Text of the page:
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| p.2 #4 · p.2 #4 · Client wants to add something to contract - Need a little suggesion here |
Sticking to your contract when it comes to something as grounding as what the OP brings up isn't a bad thing to do by any means. My contractual fine print changes with some client experiences *after the fact* to enhance both my future clients and myself. These types of changes are good things and I consider that part of the contract (the fine print) to be a living breathing entity. Changing the fine print of your contract to book a client by what the OP is asking is simply not a good idea, of course changing your contract deliverables is a normal negotiation but on my contract, the fine print and deliverables are two completely different parts of the contract so when I say fine print doesn't change, that means the legal mumbo jumbo like blanket copyright, liability, etc. Changing basic legal terms like the OP brings up (or as stated the fine print, or page 2 of my contract) is something I'd personally never change nor would I recommend it.
Here's an example of something I have changed. I started having a client or two who would absolutely refuse to contact me via email. They would only text and they would do it at very odd hours to the point that it became disruptive to my family life. I had to change a line item in my contract to state what my operating hours were and which forms of communication I would accept (Facebook and texting are specifically stated in my contract as unacceptable forms of communication).
Here's another example of something I added to the fine print after the fact and will not remove it if requested: A wedding client had a guest show up who "wanted to take a few photos" but in actuality they are an aspiring photographer who, by evident of their actions, are desperate to create an entire website and sample album with this one wedding (and it's probably their first ever). As an experienced wedding photographer, these people stick out like a sore thumb and are a huge distraction. At this particular wedding which was a highly religious wedding in a location where you had to wear a suit, this person caused a major distraction and in response I had guest after guest come up to me and blame me for this other photographer's (the guy who just showed up) actions. So I added a line item that I am the only official photographer and all others will only do so at my discretion. If someone causes a disturbance, (and this is stated in my fine print) I will put my cameras away until the person causing the disturbance leaves. Have I ever used this against anyone? No. Have I been asked by clients why that's in there? Heck yes. I have seen an increase in a bride telling an uncle bob to put their camera away and enjoy themselves without me having to say a word since I put that in there. Will I take it out to book a client? Nope. It's my contract, my terms, my services. And the respect I get for standing my ground is a wonderful thing.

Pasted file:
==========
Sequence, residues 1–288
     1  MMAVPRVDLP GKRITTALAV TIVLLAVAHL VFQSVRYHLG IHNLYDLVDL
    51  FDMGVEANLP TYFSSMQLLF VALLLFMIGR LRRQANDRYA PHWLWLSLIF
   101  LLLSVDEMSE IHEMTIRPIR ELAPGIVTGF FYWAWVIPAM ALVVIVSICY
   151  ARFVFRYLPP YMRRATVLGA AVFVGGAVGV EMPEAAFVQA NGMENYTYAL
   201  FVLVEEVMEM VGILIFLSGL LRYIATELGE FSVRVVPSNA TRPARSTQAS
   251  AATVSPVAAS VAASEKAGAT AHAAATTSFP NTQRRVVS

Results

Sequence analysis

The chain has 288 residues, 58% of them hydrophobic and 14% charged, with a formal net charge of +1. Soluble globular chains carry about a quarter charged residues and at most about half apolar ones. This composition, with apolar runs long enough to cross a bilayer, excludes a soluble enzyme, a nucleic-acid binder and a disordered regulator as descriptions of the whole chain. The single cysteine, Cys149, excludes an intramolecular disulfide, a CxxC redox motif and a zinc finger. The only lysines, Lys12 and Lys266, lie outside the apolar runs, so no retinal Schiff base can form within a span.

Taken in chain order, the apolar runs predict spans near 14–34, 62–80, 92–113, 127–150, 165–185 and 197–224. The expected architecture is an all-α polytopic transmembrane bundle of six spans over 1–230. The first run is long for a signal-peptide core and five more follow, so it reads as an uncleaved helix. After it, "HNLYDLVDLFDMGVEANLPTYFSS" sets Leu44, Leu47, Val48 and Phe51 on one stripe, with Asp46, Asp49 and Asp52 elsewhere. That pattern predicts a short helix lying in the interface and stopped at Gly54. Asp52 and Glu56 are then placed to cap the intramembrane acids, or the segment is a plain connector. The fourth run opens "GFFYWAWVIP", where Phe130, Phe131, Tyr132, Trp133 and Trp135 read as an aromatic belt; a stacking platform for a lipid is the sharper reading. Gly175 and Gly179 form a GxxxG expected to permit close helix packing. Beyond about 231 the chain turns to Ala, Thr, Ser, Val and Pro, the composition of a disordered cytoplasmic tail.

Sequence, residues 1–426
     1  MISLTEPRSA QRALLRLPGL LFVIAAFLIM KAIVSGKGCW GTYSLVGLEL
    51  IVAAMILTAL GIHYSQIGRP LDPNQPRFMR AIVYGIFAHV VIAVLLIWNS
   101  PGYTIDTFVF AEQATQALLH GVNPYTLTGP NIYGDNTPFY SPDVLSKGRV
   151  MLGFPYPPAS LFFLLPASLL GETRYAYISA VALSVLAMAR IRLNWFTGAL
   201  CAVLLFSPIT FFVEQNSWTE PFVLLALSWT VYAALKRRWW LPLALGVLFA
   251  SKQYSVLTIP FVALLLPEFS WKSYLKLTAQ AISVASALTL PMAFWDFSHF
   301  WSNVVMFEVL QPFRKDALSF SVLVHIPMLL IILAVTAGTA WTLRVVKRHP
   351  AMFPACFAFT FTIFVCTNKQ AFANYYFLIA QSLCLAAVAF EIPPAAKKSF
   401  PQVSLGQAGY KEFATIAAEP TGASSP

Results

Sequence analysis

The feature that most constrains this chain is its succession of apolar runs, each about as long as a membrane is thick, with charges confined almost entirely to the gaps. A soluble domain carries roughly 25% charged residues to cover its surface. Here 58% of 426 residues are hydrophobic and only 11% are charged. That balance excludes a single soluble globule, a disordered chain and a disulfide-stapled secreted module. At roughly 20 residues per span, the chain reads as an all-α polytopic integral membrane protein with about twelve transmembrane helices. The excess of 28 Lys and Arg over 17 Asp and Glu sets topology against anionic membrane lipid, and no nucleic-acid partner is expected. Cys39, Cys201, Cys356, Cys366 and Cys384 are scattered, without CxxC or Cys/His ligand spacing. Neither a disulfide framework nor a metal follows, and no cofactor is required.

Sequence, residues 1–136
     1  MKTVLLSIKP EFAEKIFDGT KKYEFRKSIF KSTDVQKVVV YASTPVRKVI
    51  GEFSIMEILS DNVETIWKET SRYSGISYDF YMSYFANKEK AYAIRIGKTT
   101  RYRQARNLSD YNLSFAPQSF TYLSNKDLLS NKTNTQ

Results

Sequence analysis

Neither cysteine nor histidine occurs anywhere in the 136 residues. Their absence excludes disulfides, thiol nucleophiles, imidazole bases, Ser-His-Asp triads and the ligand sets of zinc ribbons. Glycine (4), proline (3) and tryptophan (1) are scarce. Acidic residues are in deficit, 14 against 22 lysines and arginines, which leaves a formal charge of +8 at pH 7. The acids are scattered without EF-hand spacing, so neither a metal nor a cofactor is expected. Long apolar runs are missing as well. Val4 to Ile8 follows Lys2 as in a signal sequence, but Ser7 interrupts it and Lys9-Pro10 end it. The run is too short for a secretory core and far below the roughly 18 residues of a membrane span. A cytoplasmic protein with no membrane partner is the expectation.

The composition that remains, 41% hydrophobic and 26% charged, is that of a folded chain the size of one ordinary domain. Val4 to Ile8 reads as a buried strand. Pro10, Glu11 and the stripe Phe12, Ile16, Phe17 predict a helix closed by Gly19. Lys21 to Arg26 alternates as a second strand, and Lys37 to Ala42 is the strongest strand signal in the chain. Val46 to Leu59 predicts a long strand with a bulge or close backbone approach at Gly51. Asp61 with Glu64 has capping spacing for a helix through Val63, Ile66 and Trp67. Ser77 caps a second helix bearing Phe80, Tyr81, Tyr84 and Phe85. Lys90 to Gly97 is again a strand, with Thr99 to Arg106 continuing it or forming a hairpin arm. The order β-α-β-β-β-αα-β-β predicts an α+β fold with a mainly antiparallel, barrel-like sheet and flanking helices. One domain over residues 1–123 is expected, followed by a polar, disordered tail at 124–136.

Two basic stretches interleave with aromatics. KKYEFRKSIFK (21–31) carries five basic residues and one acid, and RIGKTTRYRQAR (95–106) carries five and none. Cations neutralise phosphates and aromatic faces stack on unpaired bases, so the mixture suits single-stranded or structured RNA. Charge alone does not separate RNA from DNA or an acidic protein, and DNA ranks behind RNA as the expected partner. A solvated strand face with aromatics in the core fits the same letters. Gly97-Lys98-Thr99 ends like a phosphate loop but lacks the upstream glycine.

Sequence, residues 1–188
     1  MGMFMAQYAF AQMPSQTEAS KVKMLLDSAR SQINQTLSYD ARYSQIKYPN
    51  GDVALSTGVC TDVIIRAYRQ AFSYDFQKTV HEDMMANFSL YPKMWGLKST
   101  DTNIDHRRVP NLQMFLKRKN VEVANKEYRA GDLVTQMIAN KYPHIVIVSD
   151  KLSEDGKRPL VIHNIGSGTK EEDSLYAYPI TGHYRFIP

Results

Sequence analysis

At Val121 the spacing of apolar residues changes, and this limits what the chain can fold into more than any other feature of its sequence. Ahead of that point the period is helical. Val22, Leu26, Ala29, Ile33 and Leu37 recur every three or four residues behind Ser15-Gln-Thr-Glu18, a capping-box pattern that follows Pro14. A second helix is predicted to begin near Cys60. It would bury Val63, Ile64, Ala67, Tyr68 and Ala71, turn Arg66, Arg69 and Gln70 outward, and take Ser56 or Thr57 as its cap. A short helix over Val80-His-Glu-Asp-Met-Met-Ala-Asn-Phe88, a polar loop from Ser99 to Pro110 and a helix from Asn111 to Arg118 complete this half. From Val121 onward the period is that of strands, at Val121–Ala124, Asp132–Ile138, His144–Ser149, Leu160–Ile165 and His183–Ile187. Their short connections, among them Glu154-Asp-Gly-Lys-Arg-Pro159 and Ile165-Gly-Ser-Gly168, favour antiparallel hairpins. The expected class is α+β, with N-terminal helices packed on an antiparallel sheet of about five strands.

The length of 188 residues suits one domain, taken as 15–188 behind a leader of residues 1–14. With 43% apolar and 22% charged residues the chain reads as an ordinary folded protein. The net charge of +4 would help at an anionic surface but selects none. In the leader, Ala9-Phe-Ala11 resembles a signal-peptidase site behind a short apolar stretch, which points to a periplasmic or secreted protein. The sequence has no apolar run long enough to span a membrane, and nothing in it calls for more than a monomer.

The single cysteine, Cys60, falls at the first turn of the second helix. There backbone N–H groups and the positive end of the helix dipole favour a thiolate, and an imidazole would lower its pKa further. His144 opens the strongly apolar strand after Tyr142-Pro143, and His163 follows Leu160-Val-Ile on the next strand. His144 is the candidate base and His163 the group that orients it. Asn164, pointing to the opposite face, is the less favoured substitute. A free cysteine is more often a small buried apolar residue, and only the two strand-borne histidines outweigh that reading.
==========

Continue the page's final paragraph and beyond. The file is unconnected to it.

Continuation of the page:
But basic things like what the OP is specifically talking about is not a good idea to change for numerous reasons.
I also find that when a client has an issue or question with my fine print, and I simply say "that's the way I structure my contract," those people tend to respect what you do more than if you cave and change a very basic function of what a contract does which is to protect both entities fairly. And yes, personal experience of mine states that when a prospective client wants me to change the very foundation of what my contract is, they end up being a problem later on. But again, this is all just my opinion.
Ian Ivey wrote:
, a simple change of terms in the contract is not changing who you are. This is what businesspeople call "negotiation." Most of us are one- or two-person studios who can reasonably be expected to negotiate terms directly, not major corporations that have to involve a team of lawyers to modify a boilerplate agreement.
A client who reads and responds to the terms of your agreement is not a "red flag" client, folks.
Edited on Nov 19, 2013 at 04:26 AM · View previous versions